"I will work hard to build upon [John Ashcroft's] record." With one half-witted twitch of his vocal cords, Alberto Gonzales, George W. Bush's nominee to be the next Attorney General, ended the euphoria many of us were feeling as a result of Ashcroft's resignation, and replaced it with the realization that our civil liberties are still in danger of becoming more fantasy than reality.
As far as questionable appointments go, Bush's nomination of Alberto Gonzales ranks second only to his choice for the director of the Environmental Protection Agency. This dubious distinction goes to Mike Leavitt, former governor of Utah. As you might recall, Utah led the nation in the generation of toxic waste throughout most of Leavitt's tenure as governor. Good call, George. Now, Alberto Gonzales may also take his place in a very select, but growing group of controversial characters roaming Washington these days.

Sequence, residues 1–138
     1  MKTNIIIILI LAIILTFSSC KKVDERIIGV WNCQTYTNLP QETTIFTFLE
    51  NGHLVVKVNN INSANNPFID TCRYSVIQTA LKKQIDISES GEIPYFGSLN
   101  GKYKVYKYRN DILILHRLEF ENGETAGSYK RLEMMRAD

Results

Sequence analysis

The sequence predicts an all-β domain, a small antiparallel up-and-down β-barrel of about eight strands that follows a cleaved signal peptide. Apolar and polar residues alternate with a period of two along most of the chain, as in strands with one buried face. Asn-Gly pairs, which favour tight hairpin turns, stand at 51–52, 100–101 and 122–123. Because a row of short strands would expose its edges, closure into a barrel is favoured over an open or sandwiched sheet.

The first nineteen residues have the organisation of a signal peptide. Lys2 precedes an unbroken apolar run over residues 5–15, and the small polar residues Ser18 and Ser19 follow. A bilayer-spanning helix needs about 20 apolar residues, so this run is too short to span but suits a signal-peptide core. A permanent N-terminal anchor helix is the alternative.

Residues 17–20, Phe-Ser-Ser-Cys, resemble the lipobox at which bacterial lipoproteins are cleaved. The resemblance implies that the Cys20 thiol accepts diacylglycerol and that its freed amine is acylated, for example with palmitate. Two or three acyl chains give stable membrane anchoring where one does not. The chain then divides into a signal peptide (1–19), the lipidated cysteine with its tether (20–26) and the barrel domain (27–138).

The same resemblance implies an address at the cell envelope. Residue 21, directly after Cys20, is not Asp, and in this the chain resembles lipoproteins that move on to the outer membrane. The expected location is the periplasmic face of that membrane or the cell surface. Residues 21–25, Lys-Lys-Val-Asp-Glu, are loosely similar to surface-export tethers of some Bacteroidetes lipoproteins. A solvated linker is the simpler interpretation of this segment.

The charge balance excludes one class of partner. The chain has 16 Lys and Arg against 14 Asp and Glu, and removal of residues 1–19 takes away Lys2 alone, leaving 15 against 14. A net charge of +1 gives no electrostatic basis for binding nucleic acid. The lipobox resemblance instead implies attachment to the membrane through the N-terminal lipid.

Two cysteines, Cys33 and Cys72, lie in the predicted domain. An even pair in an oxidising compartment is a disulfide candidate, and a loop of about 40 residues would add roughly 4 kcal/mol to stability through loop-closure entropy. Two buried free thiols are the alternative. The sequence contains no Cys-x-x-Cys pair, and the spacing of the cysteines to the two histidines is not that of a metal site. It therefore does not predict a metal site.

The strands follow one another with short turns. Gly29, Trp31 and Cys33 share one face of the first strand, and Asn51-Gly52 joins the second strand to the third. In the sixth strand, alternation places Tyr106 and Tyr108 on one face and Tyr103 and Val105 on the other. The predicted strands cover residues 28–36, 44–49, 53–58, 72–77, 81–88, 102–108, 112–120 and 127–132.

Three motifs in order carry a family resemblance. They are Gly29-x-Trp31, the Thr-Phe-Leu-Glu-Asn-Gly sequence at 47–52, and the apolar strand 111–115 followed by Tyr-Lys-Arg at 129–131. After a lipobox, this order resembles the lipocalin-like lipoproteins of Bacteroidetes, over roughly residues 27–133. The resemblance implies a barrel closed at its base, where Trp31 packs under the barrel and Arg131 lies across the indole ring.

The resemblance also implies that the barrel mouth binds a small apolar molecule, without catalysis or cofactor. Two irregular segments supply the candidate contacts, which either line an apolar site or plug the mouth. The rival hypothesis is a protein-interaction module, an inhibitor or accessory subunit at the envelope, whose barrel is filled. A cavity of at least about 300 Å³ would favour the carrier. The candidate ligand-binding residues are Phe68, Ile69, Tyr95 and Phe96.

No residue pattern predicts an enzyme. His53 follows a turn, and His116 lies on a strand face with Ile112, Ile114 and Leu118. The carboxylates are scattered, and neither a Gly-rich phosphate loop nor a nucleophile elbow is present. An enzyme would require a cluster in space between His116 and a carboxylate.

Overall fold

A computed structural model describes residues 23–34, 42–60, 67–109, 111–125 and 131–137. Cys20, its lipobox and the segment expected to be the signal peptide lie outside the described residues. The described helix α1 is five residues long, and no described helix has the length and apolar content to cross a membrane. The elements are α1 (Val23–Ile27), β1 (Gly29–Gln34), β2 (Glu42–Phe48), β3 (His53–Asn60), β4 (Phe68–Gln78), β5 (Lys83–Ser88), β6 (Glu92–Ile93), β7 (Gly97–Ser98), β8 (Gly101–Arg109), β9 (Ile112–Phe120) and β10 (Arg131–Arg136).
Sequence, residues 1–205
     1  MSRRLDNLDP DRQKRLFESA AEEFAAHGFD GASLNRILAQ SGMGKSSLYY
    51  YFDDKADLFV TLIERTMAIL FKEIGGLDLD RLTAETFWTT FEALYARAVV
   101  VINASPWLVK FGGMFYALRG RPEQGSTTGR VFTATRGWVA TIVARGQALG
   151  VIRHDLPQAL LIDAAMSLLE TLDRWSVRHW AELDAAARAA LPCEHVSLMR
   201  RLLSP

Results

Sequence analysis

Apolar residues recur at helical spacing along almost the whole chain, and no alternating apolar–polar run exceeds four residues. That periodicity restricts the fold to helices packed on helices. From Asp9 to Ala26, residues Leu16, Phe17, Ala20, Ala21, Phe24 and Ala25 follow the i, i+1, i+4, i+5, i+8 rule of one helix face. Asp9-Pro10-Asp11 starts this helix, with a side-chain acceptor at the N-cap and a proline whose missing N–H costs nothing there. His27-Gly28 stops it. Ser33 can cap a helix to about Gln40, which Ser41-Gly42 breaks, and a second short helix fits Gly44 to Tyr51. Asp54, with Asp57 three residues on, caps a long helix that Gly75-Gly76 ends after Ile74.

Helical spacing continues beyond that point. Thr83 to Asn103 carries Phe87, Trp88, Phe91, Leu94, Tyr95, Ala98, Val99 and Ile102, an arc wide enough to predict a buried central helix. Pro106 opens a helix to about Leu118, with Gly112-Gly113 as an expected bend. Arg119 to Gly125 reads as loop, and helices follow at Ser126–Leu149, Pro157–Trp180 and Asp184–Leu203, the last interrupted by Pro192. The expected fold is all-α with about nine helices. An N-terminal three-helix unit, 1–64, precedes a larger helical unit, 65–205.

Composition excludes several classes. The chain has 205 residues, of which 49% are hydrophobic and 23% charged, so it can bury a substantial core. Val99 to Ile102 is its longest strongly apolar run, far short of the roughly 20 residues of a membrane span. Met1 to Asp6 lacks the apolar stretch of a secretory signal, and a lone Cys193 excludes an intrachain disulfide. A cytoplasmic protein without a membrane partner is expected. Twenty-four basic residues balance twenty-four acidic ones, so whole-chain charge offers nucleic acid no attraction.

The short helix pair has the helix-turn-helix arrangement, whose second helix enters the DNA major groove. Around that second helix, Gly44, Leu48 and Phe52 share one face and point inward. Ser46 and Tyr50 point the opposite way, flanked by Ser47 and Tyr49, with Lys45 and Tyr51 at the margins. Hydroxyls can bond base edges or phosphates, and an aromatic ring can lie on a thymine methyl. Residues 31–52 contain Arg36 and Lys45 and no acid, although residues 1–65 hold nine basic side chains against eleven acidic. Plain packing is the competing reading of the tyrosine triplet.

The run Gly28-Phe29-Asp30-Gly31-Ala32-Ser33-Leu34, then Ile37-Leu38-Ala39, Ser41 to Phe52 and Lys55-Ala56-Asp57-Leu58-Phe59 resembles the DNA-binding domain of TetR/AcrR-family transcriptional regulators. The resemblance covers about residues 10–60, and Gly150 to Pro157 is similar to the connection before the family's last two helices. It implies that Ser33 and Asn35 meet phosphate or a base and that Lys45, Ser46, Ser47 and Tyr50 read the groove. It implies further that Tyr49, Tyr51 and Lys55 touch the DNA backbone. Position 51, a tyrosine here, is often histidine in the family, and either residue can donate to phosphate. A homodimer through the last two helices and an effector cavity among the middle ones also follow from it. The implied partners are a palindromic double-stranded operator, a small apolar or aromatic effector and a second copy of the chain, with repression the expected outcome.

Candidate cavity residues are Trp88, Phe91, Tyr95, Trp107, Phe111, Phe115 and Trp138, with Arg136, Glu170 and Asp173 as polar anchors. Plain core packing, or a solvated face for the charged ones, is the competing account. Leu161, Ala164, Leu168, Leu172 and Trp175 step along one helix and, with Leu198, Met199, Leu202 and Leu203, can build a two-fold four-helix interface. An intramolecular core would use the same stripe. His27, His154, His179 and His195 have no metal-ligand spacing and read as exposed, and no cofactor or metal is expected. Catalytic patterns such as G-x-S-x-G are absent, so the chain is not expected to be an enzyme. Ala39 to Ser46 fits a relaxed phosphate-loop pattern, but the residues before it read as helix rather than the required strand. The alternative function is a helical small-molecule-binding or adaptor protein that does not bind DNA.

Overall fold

His track record speaks for itself. Alberto Gonzales attempted to suppress the details of Vice President Dick Cheney's energy commission meetings; he led the Bush administration's fight to detain terrorism suspects without formal charges; and stated in a memo to George W. Bush that the Geneva Convention did not apply to prisoners taken in Iraq and Afghanistan.
Will Alberto Gonzales take a softer stance on the preservation of our civil liberties? Ask the detainees at Gitmo.
Once again...Good call, George.